On the other hand, what we're seeing is the problems in school are pretty much in uniform. There are a lot of suburban schools where I think folks think they're doing pretty well, but when you take a look at the data, it shows those schools need improving just like the schools downtown.
... What I didn't realize until I got into this job ... We over-reported in West Virginia for years. Every state did, every state had its own way of calculating. As I recall, we were showing at the time I left office and still today 84-85 percent (graduation rate). The Department of Education says 77 percent and an independent report ... is somewhere around 72 percent. So around 75 percent, which is the national average. In the 1960s and '70s, you could have those kinds of dropout rates and those students could still get decent paying jobs. They could go work in the steel mills, chemical plants, you could go work in the mines - you could get a decent paying job without a high school diploma. ... Today, I couldn't get into any one of those professions without some kind of post-secondary work. As one coal mine operator said to me after he had just hired 148 new miners, 'Wise, if you think I'm letting somebody go a mile underground with a half-million dollar piece of very technical equipment without post-secondary, you're crazy.' That's the difference today. It's what I call where the Bible and the billfold have joined up. The Biblical, the moral imperative says that every child should have a good education. But there's an economic imperative now. It used to be that we could ignore those kids, they'd either get a good-paying job or they'd disappear. Today we need them desperately in the work force. Sixty percent of all jobs today require post secondary. When I graduated from high school 75 percent of all jobs were filled by high school diploma or less. ... The reality is nobody can afford a 20 or 30 percent dropout rate.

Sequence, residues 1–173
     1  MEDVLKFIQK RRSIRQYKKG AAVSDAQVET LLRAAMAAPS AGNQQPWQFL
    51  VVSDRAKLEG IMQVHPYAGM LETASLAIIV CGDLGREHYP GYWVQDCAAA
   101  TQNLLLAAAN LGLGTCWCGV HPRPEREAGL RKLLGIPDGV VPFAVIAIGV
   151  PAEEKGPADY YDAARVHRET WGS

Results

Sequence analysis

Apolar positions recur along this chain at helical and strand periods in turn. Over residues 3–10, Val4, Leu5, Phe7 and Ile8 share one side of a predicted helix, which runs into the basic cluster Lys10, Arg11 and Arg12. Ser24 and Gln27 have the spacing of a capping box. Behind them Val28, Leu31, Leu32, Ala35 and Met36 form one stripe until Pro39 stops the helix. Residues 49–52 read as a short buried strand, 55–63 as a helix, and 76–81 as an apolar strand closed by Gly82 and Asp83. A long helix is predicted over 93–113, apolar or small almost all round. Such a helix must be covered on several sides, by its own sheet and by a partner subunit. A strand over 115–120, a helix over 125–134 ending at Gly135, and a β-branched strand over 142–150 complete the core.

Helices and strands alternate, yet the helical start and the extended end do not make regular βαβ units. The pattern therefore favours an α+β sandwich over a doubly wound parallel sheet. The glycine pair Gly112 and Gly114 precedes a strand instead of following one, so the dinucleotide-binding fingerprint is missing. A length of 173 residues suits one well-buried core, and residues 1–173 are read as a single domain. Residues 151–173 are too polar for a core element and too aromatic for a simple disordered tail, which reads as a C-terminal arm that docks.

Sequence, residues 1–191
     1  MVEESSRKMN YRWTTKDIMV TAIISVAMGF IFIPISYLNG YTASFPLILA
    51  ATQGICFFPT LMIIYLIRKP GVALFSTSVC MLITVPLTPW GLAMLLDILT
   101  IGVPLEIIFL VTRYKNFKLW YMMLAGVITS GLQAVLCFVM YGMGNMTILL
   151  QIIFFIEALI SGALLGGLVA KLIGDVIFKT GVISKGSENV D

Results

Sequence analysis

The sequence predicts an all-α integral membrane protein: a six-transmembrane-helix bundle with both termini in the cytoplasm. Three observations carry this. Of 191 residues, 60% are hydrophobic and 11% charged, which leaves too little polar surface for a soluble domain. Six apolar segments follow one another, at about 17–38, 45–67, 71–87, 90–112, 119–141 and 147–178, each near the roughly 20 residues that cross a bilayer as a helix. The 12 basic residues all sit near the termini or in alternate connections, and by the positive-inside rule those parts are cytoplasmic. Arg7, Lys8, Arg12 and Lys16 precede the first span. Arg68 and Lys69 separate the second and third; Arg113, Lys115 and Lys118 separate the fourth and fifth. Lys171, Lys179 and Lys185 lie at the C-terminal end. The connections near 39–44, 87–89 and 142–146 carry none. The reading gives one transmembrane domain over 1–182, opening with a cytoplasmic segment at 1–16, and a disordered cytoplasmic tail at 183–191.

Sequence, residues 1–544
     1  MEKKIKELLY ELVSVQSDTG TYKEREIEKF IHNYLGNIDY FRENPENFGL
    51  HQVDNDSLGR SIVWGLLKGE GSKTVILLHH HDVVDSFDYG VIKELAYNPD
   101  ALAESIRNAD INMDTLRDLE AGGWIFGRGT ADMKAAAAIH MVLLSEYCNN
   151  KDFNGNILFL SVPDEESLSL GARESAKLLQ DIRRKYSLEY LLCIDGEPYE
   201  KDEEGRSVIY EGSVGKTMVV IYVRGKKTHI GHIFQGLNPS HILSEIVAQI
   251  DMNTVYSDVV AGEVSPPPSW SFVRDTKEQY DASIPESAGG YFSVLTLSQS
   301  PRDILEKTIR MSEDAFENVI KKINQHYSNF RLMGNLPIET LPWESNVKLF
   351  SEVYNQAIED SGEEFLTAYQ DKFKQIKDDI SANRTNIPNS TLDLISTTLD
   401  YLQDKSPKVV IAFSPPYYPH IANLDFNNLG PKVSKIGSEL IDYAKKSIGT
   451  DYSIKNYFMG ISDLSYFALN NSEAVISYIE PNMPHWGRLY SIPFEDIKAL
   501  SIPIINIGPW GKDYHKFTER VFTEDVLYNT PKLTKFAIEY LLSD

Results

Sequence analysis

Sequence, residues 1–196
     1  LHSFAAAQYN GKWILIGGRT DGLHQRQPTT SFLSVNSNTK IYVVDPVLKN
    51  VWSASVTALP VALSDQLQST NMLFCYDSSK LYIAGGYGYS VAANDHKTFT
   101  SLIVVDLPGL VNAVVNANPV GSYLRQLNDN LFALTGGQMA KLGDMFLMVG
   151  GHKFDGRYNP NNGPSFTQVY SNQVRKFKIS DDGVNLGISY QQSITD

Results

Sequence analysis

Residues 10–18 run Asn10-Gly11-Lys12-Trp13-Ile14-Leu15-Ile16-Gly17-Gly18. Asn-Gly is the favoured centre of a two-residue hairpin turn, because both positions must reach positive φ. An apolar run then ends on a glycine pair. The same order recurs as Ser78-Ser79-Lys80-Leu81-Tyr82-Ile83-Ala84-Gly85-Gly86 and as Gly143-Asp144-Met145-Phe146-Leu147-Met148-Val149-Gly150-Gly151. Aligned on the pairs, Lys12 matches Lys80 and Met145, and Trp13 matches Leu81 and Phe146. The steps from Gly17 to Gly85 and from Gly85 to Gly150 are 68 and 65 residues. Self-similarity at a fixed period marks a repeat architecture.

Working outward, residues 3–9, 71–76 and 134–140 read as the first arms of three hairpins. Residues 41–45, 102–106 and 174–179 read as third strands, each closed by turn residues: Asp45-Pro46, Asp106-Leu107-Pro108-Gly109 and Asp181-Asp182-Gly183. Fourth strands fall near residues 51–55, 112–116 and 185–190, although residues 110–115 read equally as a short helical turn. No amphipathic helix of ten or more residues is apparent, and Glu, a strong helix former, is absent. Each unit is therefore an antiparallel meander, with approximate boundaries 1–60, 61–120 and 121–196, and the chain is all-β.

* You spoke earlier about schools changing to better meet student's needs. What is the formula today for having a successful school?
Wise: We need to recognize that we can't keep doing education the same way. ... We've got teachers who are working very hard and are very able ... but the fact is they're working in a model that is not satisfactory any more.
The other thing is to recognize that student's learning needs are much greater today. We talk alot about learner-centered, and what that means is that it's important a student learns the core content knowledge, but ask any employer what they need ... (and they will say) we not only need a kid who knows content material, but we also need them to be able to think creatively, to think critically, to be able to communicate with one another, to collaborate and to be self-reflective. ... This is what perhaps we expected 10 percent of our students to develop as they went through the process for the last 100 years, and that was fine, they'd be the CEOs, the innovators. But now, in any workplace, you need that kind of innovation. ... Where I woke up in a cold sweat one time about four years ago, I realized we can't get there from here. We keep delivering education in the same way, we're not going to be able to make it. Constrained state budgets, rising standards, we simply won't be able to make it. That's why it's important to have a collaborative process, to recognize that the teacher and the principal are the bedrock of all this, that doesn't change. What does change is what it is they're doing, and what it is you're asking them to do and what kind of support you're giving them. That's one reason we've become so involved here at the Alliance in how do you use technology effectively to help educators. It can be giving a teacher a data system so that he or she doesn't have to be putting marks in a book every day, but instead has immediate feedback because now a student is working with a software package that gives the teacher immediate feedback on how well they're doing. ... If you're not able to deliver a course in your school because you don't have a certified teacher, what about online where you have a teacher in the classroom who's helping to facilitate students.